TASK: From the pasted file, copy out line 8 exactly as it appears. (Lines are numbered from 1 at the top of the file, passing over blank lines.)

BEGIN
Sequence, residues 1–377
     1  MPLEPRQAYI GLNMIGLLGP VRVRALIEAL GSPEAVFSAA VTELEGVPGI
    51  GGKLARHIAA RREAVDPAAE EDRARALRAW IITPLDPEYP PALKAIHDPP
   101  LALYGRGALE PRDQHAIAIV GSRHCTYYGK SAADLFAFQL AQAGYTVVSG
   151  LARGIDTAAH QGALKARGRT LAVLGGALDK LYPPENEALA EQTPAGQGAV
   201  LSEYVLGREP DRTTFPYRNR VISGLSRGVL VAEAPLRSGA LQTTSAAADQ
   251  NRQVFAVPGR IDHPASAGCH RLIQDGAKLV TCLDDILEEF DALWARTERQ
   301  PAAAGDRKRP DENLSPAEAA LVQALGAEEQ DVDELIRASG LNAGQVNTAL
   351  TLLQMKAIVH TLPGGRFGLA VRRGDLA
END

   301  PAAAGDRKRP DENLSPAEAA LVQALGAEEQ DVDELIRASG LNAGQVNTAL